Without going as far as to say this is a break from what the singer-songwriter has released to this point, this new album – released on the Musicor imprint (he was previously signed with Audiogram) – clearly feels like the start of a new, distinct cycle. This new direction wasn’t, however, influenced by his new-found family life, with toddlers. He promised himself that would never have an impact on his music.

“I was really afraid of repeating myself, which is common on one’s fourth album, or when artists become parents,” says Nevsky. “I was really afraid of becoming the kind of artist that starts writing about their child… I’ve seen too many people I really like fall into that kind of creative pattern in their late thirties… It’s something I was really apprehensive about, so I surrounded myself with a bunch of people I find inspiring.”

Gabriel Gagnon (Milk & Bone) and Clément Leduc (Geoffroy, Hologramme) are among those people, and they co-produced Chemin sauvage alongside Nevsky. The talented singer-songwriter went from regular airplay on the charts of CISM (the Université de Montréal radio station) to the set of the immensely popular TV talent show La Voix (the Québec franchise of The Voice) in record time. “Loto,” a song he recorded with the prodigious rappers of Alaclair Ensemble is about the luck he feels he’s had so far, professionally.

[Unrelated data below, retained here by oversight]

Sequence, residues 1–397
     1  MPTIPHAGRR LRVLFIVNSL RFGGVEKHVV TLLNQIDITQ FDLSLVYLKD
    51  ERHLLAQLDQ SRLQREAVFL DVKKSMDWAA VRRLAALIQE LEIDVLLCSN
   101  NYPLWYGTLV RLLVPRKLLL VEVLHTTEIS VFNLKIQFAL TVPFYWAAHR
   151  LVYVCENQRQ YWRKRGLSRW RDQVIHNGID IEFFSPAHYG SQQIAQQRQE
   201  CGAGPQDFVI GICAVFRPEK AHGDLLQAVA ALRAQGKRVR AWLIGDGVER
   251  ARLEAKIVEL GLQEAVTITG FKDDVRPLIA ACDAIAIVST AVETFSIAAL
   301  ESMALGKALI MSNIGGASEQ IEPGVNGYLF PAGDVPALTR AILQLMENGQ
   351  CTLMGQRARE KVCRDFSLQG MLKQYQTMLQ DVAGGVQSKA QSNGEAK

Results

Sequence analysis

He hooked up with the Lower Canadians, as the band call themselves, in “a match that wasn’t necessarily natural,” but that he’d wanted to undertake for a long time, and Eman penned the flow and lyrics of the first verse on the track. Then, on “Courir à deux,” there’s a sample from Boule Noire’s repertoire, and Nevsky reveals an unexpectedly soulful side of his singing. “That came at the very, very end,” he says. “That song was initially much more nervous because of its piano lines, and [it was played at] a much faster tempo. We’d done that one with Étienne Dupuis-Cloutier and Gab, but we ended up throwing it away. When we realized we needed more songs at the end of the summer, I wanted to give it a second chance.”

Going out of his comfort zone, in other words. That was his leitmotif. Now, for the first time since “I’m Sticking on You,” from his 2010 album, Nevsky revisits “Frenglish” in some of his choruses – his duets with Claudia Bouvette and Sophia Bel being prime examples. “After ‘De Lune à l’Aube,’ I felt it was too easy,” he says. “But at the same time, I also felt like it was admitting my defeat when it comes to the challenge I gave myself to make an effort to honour the French language more. Now, I don’t know, maybe it’s more of an era thing. I don’t want to make an English-language album, but one thing’s for sure; when a sentence comes to me naturally in English, I make a conscious effort to give it some breathing room and be less restrictive.”

Free of complexes about linguistic issues, and ready to ignore the naysayers, the musician closes this new album with “Tout,” which he calls “almost a parody of Alex Nevsky.” The song is very likely to make it on commercial radio charts, thanks to its “ooh, ooh, ooh” chorus. Says Nevsky: “I was like, OK, I know I could use words here, because people are going to say all I do are songs with fucking ‘oohs’ and ‘aahs,’ and that’s all I know how to write, yada yada… I needed to make a decision, and it was a very conscious choice. I decided to go for it… That hesitation comes from a lot of comments I’ve received since I became quite popular, and a ton of jokes about me. But you can’t avoid the road you’ve travelled having an influence on your creations.”